Maybe because the past looks more interesting when the future is not
looking too good.
IN AMBO, a town in central Ethiopia, a teenage boy pulls a tatty photo
from his wallet. “I love him,” he says of the soldier glaring
menacingly at the camera. “And I love socialism,” he adds. In the
picture is a young Mengistu Haile Mariam, the dictator whose Marxist
regime, the Derg, oversaw the “Red Terror” of the 1970s and the
famine-inducing collapse of Ethiopia’s economy in the 1980s. Mr
Mengistu was toppled by rebels in 1991 before fleeing to Zimbabwe,
where he still lives. He was later sentenced to death, in absentia, for
But the octogenarian war criminal seems to be growing in popularity
back home, especially in towns and among those too young to remember
the misery of his rule. When Meles Zenawi, then prime minister, died in
2012, a social-media campaign called for Mr Mengistu to return. In the
protests that have swept through towns like Ambo since 2014, chants of
“Come, come Mengistu!” have been heard among the demonstrators.
Asked by Afrobarometer, a pollster, how democratic their country is,
Ethiopians give it 7.4 out of 10. They give the Derg regime a 1. Yet
even some of those old enough to remember life under Marxism are giving
in to nostalgia, admits a middle-aged professor at Addis Ababa
University. The coalition that ousted the Derg, the Ethiopian People’s
Revolutionary Democratic Front (EPRDF), introduced a system of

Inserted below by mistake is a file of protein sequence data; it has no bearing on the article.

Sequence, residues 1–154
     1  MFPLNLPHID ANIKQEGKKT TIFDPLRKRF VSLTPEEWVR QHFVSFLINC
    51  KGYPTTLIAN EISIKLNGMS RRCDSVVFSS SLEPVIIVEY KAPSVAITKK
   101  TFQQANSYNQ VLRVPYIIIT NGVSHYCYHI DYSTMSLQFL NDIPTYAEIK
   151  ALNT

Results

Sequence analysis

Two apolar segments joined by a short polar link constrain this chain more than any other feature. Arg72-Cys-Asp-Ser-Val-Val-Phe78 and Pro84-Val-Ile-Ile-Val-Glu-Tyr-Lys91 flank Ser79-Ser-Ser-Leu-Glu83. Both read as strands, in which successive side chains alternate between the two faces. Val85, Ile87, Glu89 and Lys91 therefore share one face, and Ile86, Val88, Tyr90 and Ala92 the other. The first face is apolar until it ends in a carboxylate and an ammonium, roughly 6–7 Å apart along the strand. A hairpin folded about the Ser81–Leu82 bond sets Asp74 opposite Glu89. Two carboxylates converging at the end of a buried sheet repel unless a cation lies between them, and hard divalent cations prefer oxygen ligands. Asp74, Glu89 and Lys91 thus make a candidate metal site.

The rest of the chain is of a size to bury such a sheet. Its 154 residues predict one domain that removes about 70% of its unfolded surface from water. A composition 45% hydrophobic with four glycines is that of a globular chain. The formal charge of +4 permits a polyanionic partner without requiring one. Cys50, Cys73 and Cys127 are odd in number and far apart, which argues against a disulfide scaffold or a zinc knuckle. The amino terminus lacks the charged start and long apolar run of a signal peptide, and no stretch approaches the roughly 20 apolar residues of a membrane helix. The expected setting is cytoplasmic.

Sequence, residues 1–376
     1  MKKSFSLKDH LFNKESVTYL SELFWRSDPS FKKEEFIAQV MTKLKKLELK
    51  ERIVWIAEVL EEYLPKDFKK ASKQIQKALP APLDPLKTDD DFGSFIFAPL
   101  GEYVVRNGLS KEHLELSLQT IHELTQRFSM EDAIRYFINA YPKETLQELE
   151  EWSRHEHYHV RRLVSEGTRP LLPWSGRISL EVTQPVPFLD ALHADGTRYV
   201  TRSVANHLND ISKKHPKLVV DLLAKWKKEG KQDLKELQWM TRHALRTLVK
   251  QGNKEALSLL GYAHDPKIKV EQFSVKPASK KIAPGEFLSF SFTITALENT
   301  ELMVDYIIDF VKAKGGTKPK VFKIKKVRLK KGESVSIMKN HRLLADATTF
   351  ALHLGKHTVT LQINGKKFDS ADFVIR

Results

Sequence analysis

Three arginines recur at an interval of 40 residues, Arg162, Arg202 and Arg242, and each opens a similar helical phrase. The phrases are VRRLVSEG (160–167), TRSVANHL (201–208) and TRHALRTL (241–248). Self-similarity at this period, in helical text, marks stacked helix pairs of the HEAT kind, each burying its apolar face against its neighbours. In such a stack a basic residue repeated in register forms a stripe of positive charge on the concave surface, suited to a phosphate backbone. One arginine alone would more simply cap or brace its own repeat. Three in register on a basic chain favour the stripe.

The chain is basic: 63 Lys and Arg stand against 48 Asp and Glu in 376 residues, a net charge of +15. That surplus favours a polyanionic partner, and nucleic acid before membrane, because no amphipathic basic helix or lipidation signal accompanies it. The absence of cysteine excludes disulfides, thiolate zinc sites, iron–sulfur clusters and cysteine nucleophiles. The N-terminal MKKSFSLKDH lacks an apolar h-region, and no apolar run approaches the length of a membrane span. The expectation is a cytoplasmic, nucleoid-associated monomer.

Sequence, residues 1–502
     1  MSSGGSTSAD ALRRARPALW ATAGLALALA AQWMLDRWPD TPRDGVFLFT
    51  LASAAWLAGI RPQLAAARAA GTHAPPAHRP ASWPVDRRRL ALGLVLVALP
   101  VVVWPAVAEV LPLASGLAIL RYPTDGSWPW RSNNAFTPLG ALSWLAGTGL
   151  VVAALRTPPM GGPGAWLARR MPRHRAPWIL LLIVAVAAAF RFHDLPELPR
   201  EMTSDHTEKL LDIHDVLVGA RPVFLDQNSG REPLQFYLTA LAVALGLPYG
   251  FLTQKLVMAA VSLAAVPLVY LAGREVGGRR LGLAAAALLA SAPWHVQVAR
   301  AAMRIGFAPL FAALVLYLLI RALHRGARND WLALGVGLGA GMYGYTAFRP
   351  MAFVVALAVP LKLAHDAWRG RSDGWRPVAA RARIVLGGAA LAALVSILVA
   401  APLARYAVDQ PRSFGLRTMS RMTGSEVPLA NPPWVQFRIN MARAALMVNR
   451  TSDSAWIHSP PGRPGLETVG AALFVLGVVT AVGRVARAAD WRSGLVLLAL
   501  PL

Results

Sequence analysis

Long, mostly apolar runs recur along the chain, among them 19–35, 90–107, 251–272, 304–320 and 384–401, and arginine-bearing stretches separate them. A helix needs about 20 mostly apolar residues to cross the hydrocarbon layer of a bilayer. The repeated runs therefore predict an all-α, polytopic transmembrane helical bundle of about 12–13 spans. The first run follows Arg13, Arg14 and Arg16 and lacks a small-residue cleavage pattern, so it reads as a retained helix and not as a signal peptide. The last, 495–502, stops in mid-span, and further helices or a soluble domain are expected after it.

ethnically based federalism in 1995 that critics say favours the
Tigrayan minority. After bouts of ethnic violence, most alarmingly this
year, many now look back fondly on Mr Mengistu’s pan-Ethiopian
“The general perception is that whatever the Derg did was out of love
for the country,” explains Befekadu Hailu, a human-rights activist, who
is himself no fan. Mr Mengistu fought a victorious war against Somalia
in the 1970s, and waged a homicidal campaign against secessionists in
Eritrea, then a region of Ethiopia, for more than a decade. The EPRDF,
in contrast, oversaw the loss of Eritrea and with it access to the sea
when it allowed an independence referendum in 1993.
The Derg’s policies were ruinous: nationalising almost every firm;
forcing peasants at gunpoint onto collective farms, where they starved.
Mr Mengistu was also more brutal than any Ethiopian ruler before or
after. But the EPRDF is struggling to win the hearts of ordinary
Ethiopians. Its heavy-handed propaganda—which includes ideological
“training” for students and civil servants, and an annual celebration
of its victory over the Derg—are widely met with contempt.